Wednesday, May 27, 2020

Solitude and Creativity

Since we’re all supposed to keep our distance from each other, I want to recommend a book by Anthony Storr: The title hit me: Solitude: A Return to the Self.  Wow!   You need to be alone to gain a real sense of who you are?  Interesting idea.

The fact is that we often have a wobbly sense of who we are.  Human identity is fragile and necessarily elastic.  It’s so easy to lose the thread of yourself with others when they ignore, criticize, belittle, project, exaggerate, or misunderstand you.  Sometimes you have to pull back and look upon the world—and yourself—with a cold eye.

Storr argues we can never fully rely on others for self-affirmation even when they affirm us. We have to forge our own identity.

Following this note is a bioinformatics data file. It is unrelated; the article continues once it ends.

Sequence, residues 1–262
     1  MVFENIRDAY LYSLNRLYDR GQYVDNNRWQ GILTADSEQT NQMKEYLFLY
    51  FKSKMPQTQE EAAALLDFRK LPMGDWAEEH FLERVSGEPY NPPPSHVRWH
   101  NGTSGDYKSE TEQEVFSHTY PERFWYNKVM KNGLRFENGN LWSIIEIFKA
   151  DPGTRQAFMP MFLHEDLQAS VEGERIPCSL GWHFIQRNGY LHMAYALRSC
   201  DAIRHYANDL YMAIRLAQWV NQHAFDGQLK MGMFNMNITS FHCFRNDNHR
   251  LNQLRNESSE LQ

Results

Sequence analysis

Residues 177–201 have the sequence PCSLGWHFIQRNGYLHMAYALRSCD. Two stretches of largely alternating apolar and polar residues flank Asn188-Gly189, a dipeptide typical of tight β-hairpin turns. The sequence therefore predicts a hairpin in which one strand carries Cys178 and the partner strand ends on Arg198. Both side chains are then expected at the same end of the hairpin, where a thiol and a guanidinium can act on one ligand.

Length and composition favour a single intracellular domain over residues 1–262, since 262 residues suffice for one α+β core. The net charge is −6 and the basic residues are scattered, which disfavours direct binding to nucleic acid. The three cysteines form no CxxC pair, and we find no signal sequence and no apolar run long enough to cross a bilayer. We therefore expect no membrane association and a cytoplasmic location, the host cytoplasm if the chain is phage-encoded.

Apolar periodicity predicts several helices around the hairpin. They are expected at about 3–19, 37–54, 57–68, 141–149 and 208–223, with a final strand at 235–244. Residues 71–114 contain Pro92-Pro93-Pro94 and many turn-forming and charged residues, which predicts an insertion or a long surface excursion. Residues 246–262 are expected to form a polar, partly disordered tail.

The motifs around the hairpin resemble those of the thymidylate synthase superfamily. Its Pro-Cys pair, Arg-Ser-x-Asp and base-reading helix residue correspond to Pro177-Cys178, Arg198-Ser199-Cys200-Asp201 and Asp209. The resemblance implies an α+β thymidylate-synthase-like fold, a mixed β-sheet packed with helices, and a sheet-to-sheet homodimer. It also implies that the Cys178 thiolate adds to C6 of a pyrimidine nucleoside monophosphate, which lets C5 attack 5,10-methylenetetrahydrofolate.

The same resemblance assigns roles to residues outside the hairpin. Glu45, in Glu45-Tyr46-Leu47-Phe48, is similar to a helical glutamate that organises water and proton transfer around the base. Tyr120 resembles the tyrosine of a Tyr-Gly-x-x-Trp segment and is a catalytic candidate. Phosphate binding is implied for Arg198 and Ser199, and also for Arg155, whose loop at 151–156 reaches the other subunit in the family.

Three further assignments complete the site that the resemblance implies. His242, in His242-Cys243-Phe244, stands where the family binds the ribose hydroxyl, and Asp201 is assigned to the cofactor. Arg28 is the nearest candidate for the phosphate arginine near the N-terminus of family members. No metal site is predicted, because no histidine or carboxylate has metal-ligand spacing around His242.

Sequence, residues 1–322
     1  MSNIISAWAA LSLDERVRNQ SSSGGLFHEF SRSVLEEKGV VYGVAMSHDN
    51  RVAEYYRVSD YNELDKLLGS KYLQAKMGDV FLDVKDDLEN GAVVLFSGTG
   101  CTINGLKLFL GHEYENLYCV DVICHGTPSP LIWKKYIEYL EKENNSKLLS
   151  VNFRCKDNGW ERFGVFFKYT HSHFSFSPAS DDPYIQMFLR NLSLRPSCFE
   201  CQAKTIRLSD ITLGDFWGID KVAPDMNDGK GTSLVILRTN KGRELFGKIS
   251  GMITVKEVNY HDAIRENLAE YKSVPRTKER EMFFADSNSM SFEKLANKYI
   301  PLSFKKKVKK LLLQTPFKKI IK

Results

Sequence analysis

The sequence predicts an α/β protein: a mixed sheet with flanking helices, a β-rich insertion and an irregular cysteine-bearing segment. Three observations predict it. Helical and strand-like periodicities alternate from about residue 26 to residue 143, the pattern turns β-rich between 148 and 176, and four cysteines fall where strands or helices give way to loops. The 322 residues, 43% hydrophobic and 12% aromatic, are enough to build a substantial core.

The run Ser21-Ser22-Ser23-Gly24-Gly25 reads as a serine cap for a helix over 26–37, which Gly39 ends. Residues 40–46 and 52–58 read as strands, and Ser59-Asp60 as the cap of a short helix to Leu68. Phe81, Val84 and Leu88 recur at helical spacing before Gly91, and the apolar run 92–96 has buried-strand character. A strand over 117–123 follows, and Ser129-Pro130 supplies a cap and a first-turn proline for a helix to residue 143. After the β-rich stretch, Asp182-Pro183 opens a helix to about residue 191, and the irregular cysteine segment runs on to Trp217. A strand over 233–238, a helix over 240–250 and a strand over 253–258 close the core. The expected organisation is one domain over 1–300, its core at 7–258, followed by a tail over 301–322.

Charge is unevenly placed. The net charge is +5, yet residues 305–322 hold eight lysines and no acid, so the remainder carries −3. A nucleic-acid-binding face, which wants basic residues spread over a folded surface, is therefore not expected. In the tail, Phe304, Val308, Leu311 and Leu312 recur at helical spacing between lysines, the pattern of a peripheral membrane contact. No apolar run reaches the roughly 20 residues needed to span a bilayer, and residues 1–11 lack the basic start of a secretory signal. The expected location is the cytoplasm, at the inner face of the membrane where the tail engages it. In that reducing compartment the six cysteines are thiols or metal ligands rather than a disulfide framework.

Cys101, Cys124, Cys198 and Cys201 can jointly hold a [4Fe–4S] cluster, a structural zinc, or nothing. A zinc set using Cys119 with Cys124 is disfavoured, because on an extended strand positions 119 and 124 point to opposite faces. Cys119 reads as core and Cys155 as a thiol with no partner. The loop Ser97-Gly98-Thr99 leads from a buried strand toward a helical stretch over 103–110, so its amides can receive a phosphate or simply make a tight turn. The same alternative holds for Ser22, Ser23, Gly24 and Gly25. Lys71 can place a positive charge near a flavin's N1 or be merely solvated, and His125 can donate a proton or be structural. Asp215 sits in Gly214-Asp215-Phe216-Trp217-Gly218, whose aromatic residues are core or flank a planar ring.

He examines situations where the solitude is forced on us. Thanks to the pandemic, we know what that feels like.  Storr writes about being alone in prison. There are many examples in history of incarcerated men and women who gained spiritual illumination or were inspired to write great letters, pamphlets, and books while alone in prison.  The main point: in solitude we’re more likely to discover who we really are at the deepest levels of our being.  I guess it depends on what experiences you have.  Anybody?

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